Small Saver Certificate - SSC

AAA

DEFINITION of 'Small Saver Certificate - SSC'

A deposit savings account that has no minimum balance requirement. SSCs were created in 1980 to provide banks and thrifts with a deposit vehicle having an 18-month maturity, in order to compete with money market funds. However, the interest rate ceiling on timed deposit accounts having maturity dates of more than 31 days was eliminated in 1983.

INVESTOPEDIA EXPLAINS 'Small Saver Certificate - SSC'

Today, lenders issue SSCs in small denominations like $500. They can have maturities of as few as 12 months. Interest on SSCs typically compounds monthly. The annual percentage yield (APY) depends on the maturity term of the small saver certitficate.

RELATED TERMS
  1. Deposit Interest Rate

    The interest rate paid by financial institutions to deposit account ...
  2. Maturity

    The period of time for which a financial instrument remains outstanding. ...
  3. Interest Rate

    The amount charged, expressed as a percentage of principal, by ...
  4. Bank

    A financial institution licensed as a receiver of deposits. There ...
  5. Thrift Bank

    A financial institution focusing on taking deposits and originating ...
  6. Debit Card

    An electronic card issued by a bank which allows bank clients ...
RELATED FAQS
  1. What are some of the well-known no-load funds?

    The capital adequacy ratio promotes stability and efficiency of worldwide financial systems and banks. The capital to risk-weighted ... Read Full Answer >>
  2. Why is marketing important to a company in the utilities sector?

    A banker's acceptance is a money market instrument and, like most money markets, it is relatively safe and liquid. This is ... Read Full Answer >>
  3. What is the difference between a modified duration and a Macaulay duration?

    Individuals have a handful of options for places to keep the funds they wish to keep guarded from the volatility and risk ... Read Full Answer >>
  4. How do I calculate a bond's modified duration using Excel?

    Investors with a focus on preservation of capital often seek out fixed income solutions, such as government or low-risk municipal ... Read Full Answer >>
  5. How do I calculate the loan-to-value ratio using Excel?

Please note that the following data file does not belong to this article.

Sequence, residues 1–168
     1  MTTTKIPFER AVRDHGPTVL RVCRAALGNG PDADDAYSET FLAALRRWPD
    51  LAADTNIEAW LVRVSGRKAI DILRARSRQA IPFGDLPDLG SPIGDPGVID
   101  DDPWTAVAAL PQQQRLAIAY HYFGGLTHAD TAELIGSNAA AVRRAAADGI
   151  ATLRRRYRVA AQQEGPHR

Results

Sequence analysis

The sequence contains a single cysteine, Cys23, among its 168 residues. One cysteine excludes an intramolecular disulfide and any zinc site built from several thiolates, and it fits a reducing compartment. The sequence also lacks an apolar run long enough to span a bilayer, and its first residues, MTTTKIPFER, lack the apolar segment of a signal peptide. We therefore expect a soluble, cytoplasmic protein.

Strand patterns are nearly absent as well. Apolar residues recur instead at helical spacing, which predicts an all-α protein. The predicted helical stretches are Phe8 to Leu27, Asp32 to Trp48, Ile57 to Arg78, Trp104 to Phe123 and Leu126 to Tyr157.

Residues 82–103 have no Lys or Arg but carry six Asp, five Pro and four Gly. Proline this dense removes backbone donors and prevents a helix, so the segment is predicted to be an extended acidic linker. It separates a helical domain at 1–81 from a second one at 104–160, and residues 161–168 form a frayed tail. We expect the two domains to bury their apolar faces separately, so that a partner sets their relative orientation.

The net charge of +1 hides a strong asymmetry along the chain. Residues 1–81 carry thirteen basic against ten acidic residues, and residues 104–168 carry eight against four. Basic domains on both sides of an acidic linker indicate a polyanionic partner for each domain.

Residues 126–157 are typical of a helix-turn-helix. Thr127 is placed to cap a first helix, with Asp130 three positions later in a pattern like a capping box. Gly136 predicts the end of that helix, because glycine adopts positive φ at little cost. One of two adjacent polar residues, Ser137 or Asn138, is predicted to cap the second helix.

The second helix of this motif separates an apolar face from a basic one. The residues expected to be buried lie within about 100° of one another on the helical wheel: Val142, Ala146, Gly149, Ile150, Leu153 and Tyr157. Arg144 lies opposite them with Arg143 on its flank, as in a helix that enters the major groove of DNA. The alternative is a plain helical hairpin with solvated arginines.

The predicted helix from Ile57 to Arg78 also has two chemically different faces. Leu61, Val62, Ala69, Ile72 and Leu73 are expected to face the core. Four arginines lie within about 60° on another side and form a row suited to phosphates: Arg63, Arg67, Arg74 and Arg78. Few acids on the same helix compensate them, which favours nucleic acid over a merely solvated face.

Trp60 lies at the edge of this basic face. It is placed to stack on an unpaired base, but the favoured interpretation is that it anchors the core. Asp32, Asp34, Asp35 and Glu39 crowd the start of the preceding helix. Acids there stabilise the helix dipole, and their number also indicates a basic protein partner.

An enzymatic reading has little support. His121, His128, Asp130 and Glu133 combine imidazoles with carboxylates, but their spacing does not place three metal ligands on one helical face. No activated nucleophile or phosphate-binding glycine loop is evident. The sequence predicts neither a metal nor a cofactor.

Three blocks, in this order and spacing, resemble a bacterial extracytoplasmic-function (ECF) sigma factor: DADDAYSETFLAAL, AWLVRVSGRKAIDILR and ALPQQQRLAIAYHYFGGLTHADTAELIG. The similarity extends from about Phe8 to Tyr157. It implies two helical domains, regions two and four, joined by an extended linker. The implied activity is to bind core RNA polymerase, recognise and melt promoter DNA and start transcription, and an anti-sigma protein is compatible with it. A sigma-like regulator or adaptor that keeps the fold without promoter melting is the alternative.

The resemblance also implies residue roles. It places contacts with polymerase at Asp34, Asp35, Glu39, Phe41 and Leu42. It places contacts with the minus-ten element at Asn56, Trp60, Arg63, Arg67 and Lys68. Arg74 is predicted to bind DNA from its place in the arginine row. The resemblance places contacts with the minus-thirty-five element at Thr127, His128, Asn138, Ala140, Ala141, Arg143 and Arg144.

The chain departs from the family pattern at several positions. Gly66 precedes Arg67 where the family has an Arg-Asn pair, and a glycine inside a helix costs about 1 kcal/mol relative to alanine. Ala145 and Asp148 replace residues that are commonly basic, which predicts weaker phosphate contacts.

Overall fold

Investors have a variety of pooled fund investment options, including mutual funds and money market funds, that can meet ... Read Full Answer >>
  6. What is the Activities of Daily Living (ADL) hierarchy scale?

    While there are some important similarities between a post-dated check and a banker's acceptance, each is a different financial ... Read Full Answer >>
Related Articles
  1. Insurance

    Are CDs Good Protection For The Bear Market?

    Certificates of deposit promise stable income in any market, but do they deliver?
  2. Forex Education

    How To Compare Yields On Different Bonds

    Find out how to equalize and compare fixed-income investments with different yield conventions.
  3. Investing Basics

    APR and APY: Why Your Bank Hopes You Can't Tell The Difference

    Banks use these rates to entice borrowers and investors. Find out what you're really getting.
  4. Savings

    Top Premium Checking Accounts of 2015

    Which banks offer the best deals for premium checking accounts – and what do you have to do to qualify for one?
  5. Savings

    20 Ways To Pay Less At Costco

    There are plenty of little-known Costco shopping hacks that can save you big bucks at the register, and help you avoid the notorious spending hangover.
  6. Budgeting

    10 Worst And Best Vacation Cities In The U.S.

    The many costs of planning a vacation will put a stress on most people’s finances, but where you choose to go can be what really makes your travel budget.
  7. Economics

    Explaining Risk-Weighted Assets

    Risk-weighted assets is a banking term that refers to a method of measuring the risk inherent in a bank’s assets, which is typically its loan portfolio.
  8. Retirement

    Tips for Boosting Your Retirement Income

    Here are some best practices on how to generate as much retirement income as possible.
  9. Retirement

    What New Grads Need To Do On Their First Job

    It's never too early to start saving aside something for retirement. But what purpose could a retirement account serve when someone just started working?
  10. Savings

    Understanding Savings Accounts

    A deposit account held at a bank or other financial institution that provides principal security and a modest interest rate.

You May Also Like

Hot Definitions
  1. Moving Average - MA

    A widely used indicator in technical analysis that helps smooth out price action by filtering out the “noise” from random ...
  2. Yield Curve

    A line that plots the interest rates, at a set point in time, of bonds having equal credit quality, but differing maturity ...
  3. Productivity

    An economic measure of output per unit of input. Inputs include labor and capital, while output is typically measured in ...
  4. Variance

    The spread between numbers in a data set, measuring Variance is calculated by taking the differences between each number ...
  5. Terminal Value - TV

    The value of a bond at maturity, or of an asset at a specified, future valuation date, taking into account factors such as ...
  6. Rule Of 70

    A way to estimate the number of years it takes for a certain variable to double. The rule of 70 states that in order to estimate ...
Trading Center